From a Network of Public Silos to International Food Speculation

In the last months we have spent many hours traveling across fields and towns throughout the grain production areas of Catalonia and Aragón in Spain. During this fieldwork we have come across many empty and abandoned silos and granaries, which got us wondering about the changes in agri/culture that have lead to their fall into disuse. These silos are typically huge concrete constructions (frequently being the highest buildings in the area) and are located in producer cooperatives or in villages. They are also now often adorned with magnificent stork nests.


In the Spanish State, there is the Grupo de Investigación Silos y Graneros (a research group on silos and granaries) devoted to studying these constructions as rural historical heritage. This group promotes the restoration of these buildings as both an opportunity for creating new uses for them (e.g. as storage spaces for different products or as public equipment, business incubators or museums) and thus revitalising the local economy of rural areas.

The Spanish network of silos and granaries was created during the Franco dictatorship, with the aim of storing the grain harvest and thus, assuring its supply for the population and alleviating market irregularities by guaranteeing prices for farmers. A total of 663 silos and 275 granaries were built between 1945 and 1986. They were built to shorten the distances between farmers and storage facilities and between storage facilities and flour mills. At the beginning of their existence, these Spanish silos were only storing wheat, but later were also used to store other grains and legumes. During those initial years, a monopoly of silos and granaries was established with the idea that the Franco regime could control both grain production and consumption. Several years later, this collection of storage infrastructures was renamed to the National Network of Silos and Granaries and was reformed to manage the national stocks. The inclusion of Spain into the European Union in 1986 marked the beginning of the decline of these public silos and the transfer of their management responsibilities to regional governments.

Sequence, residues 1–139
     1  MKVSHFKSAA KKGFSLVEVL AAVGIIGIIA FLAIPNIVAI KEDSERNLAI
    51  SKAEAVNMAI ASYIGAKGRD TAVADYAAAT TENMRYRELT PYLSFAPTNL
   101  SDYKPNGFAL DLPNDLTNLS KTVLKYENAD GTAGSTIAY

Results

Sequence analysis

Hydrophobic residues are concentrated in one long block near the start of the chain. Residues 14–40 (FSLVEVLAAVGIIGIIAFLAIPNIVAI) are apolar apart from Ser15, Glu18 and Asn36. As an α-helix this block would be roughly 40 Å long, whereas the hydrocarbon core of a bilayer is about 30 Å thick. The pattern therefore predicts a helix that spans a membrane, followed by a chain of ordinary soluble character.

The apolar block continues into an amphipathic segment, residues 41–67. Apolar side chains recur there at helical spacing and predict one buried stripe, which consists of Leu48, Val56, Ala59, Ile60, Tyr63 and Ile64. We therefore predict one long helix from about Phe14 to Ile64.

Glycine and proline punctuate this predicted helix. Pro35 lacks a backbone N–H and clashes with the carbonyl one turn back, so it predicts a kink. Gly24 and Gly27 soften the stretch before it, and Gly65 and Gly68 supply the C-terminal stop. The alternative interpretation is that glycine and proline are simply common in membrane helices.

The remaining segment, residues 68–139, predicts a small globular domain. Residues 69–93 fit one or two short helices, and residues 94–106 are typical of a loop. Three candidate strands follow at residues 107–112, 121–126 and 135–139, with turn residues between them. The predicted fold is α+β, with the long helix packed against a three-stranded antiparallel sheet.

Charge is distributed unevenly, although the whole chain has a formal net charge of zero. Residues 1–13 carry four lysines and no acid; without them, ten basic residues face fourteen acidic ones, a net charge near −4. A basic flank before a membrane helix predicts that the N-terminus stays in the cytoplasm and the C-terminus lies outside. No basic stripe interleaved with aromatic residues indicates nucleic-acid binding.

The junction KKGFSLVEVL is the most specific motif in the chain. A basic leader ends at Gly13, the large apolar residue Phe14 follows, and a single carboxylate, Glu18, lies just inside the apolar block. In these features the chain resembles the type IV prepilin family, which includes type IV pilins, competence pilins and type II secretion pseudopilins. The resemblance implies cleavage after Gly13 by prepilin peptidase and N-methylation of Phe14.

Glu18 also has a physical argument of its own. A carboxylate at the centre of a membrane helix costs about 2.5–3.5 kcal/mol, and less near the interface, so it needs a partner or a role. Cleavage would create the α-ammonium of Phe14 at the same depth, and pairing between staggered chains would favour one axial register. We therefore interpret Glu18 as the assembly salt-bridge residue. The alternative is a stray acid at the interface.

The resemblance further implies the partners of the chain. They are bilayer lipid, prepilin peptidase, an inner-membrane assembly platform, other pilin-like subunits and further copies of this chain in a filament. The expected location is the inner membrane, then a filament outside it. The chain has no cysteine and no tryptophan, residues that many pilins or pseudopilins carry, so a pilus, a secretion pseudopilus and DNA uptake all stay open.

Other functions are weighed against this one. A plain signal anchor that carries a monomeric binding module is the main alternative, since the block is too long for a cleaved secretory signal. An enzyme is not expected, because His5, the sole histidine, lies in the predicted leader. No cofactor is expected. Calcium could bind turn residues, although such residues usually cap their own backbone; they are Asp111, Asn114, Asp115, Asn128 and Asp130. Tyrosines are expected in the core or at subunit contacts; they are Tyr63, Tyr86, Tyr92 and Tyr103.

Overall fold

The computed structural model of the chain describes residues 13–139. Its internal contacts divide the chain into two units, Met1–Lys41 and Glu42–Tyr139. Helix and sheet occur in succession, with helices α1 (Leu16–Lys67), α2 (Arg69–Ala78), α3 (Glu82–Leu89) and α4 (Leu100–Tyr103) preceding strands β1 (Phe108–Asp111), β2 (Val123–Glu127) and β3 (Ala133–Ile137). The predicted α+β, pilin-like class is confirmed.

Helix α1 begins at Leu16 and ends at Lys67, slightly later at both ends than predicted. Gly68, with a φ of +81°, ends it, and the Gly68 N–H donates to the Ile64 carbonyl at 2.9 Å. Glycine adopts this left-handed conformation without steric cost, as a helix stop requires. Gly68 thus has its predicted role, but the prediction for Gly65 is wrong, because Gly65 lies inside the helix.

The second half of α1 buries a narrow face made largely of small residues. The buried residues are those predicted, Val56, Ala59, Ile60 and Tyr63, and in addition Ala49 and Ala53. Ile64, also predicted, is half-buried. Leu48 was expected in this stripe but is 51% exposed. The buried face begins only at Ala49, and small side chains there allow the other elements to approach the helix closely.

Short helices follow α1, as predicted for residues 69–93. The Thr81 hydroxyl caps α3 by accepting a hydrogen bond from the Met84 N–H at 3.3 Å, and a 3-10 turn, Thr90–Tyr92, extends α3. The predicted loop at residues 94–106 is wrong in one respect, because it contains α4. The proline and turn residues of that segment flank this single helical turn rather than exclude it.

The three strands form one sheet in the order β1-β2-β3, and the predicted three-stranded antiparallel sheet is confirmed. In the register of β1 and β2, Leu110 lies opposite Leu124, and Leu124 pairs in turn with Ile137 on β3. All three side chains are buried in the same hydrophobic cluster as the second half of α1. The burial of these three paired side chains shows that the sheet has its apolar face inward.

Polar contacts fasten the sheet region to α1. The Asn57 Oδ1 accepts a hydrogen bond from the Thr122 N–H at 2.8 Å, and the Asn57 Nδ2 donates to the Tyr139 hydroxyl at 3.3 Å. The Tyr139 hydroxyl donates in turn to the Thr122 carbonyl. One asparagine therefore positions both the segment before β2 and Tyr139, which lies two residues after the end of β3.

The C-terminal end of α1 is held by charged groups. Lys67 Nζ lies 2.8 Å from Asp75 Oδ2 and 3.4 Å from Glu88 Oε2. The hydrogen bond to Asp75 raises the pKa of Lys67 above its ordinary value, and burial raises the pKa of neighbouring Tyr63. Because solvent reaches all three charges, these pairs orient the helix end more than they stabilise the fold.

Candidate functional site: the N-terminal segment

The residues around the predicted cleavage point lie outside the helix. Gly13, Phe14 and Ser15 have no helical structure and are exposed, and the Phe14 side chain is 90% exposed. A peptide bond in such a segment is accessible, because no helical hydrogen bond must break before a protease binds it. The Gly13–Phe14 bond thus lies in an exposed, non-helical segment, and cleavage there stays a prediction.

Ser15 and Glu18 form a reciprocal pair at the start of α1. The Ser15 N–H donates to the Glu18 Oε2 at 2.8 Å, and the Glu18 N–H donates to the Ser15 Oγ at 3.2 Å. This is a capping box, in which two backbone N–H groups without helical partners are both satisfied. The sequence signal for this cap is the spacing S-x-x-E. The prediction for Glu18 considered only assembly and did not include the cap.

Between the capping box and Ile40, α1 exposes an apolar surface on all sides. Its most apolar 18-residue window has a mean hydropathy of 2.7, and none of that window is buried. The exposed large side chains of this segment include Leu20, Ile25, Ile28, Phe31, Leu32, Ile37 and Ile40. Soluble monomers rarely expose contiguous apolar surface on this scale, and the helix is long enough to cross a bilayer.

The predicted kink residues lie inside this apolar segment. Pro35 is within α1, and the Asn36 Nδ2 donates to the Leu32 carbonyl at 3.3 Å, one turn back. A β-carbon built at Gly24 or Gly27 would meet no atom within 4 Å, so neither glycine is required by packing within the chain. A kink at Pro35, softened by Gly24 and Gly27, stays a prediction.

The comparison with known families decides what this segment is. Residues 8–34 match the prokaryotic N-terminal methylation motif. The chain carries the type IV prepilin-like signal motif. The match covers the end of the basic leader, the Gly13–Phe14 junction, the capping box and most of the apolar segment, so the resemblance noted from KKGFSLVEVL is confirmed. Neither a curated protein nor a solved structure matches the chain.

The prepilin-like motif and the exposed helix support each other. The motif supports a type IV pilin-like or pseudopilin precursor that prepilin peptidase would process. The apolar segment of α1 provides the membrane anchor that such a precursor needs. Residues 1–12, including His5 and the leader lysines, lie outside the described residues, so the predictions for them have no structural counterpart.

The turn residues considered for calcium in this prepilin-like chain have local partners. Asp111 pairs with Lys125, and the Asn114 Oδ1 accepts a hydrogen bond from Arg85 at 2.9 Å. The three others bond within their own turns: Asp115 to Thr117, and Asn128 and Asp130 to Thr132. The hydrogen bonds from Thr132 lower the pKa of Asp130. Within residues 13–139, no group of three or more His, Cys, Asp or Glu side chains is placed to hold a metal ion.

The current situation shows an almost complete abandonment of the public silos and granaries (with only 142 of them still active). The old network of public silos has now been replaced by the construction of new private silos and granaries owned by multinational companies operating within the international commodities market. As one of our interviewees explained, not only has the cereal been privatised, but also now the control of the information regarding grain stock levels. This has catalysed certain speculation processes dominated by an oligopoly of companies connected to investment and pension funds. According to Olivier de Schutter, the special rapporteur of the United Nations for the Right to Food, these companies are behind the speculative bubble that resulted in the devastating food crises of 2007/2008 and 2010/2011. In fact, international agricultural prices doubled during the period between 2002 and 2013.


Price volatility relates to multiple complex factors, such as the rise in demand for resources from the so-called emerging economies and from changing political situations (both in the short term but also linked to long term factors such as climate change). Factors such as the interdependence of energy and agricultural prices, and the expansion of agrofuels, have made speculation by investment funds possible, which have increasingly started to shift their investments into the agricultural sector after the crisis in the real estate market.

As a response to this situation, the European Parliament agreed to reform the Markets in Financial Instruments Directive (Directive 2004/39/EC) (MiFID) that regulates the financial services in the markets of the European Union. The new agreement aims, among other goals, to limit speculation on raw materials by investors and to impose sanctions for breaches. These aspects were positively viewed by a number of civil society organisations seeking to limit food speculation. However, many other aspects of the Directive remain highly criticised, such as the designation of member states as the competent bodies to set these limits, despite the threat of downward competition. It is also uncertain what the impact of these agreements will be if the TTIP (Transatlantic Trade and Investment Partnership) is approved. If this happens, it may involve a weakening of trade and investment regulations as well as a lifting of obstacles to food speculation by the financial sector.

These abandoned silos therefore tell us interesting stories about the shifting culture of agriculture over time and its increasing entanglement in the investment and speculation practices of international actors and markets.

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